March 14, 2011
A recent study suggests male CEOs with daughters tend to pay their female employees more.
The study, entitled "Like Daughter, Like Father: How Women's Wages Change When CEOs Have Daughters," was published on Batz.ch, a forum for Swiss economic policy, and was performed by professors David Ross of Columbia Business School, Michael Dahl of Aalborg University in Denmark and Cristian Dezso of the University of Maryland's Robert H. Smith School of Business.
The three economists studied the salaries of more than 734,000 Danish workers at 6,230 firms between 1995 and 2006. According to The Wall Street Journal's The Juggle, the researchers found that when a male CEO had at least one daughter, the gender wage gap--typically 21.5 percent in Denmark--closed by 0.5 percentage points on average. The so called "daughter effect" was more prominent among CEOs whose first born happened to be daughters: the wage gap in this instance closed by nearly 3 percentage points. The authors found no such effect among female CEOs or those with sons alone.
"Our results suggest that the first daughter 'flips a switch' in the mind of a male CEO, causing him to attend more to equity in gender-related wage policies," write the authors.
Professor Ross told Columbia Business School's Ideas at Work that the data suggests the gender wage gap may arise due primarily to social and psychological factors, as Denmark is considered a largely egalitarian society lacking intentional policy that would contribute to such a disparity.
"The idea is that a father who has a daughter may become more sympathetic and understanding toward women's issues," said Ross, "and that these issues may become more salient to a man who was already sympathetic to them."
University of Pennsylvania Wharton Business School professor Stewart Friedman told Knowledge at Wharton Today that the study illustrates how personal issues can really impact the business environment. "What is interesting about this finding, which doesn't seem to be surprising, is how it shows that business issues can really hit home when they are personal," said Friedman. "For years, I have observed anecdotally that male CEOs are more likely to adopt family- and women-friendly policies when they have some direct experience as fathers that compels them" to see the discrimination their daughters could face professionally.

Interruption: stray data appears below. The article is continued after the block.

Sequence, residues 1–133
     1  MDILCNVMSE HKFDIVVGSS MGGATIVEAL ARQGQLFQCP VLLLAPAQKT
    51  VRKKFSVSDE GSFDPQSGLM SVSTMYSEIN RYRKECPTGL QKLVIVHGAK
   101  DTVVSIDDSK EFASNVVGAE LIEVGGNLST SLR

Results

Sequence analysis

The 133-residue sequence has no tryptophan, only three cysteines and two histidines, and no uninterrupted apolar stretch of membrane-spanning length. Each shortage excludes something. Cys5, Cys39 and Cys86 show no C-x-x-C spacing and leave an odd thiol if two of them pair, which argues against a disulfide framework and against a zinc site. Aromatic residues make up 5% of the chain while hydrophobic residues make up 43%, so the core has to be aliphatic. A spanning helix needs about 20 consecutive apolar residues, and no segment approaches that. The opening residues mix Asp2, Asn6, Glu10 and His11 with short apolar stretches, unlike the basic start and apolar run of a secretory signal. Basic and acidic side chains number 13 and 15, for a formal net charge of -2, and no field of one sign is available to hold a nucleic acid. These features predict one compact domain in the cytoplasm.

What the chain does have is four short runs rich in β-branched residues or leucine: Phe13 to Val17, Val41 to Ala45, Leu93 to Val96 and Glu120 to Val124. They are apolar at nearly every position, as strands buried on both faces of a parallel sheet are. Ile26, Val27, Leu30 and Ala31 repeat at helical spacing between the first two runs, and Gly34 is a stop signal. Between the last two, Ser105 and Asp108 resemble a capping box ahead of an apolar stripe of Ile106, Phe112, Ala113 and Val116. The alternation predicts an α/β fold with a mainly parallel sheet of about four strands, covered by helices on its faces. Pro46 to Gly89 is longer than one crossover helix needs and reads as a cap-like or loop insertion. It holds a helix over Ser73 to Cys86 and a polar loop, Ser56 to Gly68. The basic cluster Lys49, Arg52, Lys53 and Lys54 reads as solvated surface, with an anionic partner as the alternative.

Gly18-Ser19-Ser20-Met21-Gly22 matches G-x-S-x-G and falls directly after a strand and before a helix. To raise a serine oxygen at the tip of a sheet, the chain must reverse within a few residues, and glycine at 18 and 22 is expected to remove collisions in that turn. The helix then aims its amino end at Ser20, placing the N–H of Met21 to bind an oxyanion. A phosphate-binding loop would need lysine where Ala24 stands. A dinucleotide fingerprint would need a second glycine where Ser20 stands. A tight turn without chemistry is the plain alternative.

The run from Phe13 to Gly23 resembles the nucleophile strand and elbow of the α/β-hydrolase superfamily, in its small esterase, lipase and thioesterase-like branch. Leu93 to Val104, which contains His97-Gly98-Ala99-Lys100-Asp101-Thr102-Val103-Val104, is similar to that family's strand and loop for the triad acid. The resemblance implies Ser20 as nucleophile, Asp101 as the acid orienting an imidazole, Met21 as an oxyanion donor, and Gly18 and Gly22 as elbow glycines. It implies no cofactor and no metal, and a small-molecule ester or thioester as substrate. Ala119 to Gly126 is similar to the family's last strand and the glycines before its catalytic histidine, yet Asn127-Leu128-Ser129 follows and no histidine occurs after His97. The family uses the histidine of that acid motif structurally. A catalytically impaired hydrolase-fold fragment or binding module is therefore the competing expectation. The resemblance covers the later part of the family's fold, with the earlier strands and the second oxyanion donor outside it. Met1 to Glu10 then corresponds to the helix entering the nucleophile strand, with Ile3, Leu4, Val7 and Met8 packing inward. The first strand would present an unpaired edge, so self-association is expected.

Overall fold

Ross told Yahoo News' The Lookout that while he would love to perform a similar study in the United States, it is not likely to happen any time soon. "Getting this information in the United States would be wildly difficult, especially on the family structures of the CEOs," said Ross.
This study isn't the first to examine the impact having a daughter has on a parent's decisions: Ebonya Washington published a 2008 study in the American Economic Review that suggested U.S. legislators with daughters tended sway more liberal on women's reproductive issues while another study found that parents of girls were more likely to adopt feminist views in issues relating to gender equality.
Compiled by CityTownInfo.com Staff
"After CEOs have daughters, women employees' wages go up," news.yahoo.com, March 3, 2011, Liz Goodwin
"Daughters Rule," wharton.upenn.edu, March, 7, 2011
"Do Daughters Help Ease Gender Pay Gap," wsj.com, March 9, 2011, Rachel Emma Silverman
"Like Daughter, Like Father," columbia.edu, February 22, 2011
"Like Daughter, Like Father: How Women's Wages Change When CEOs Have Daughters," batz.ch, Michael S. Dahl, Cristian Dezso and David G. Ross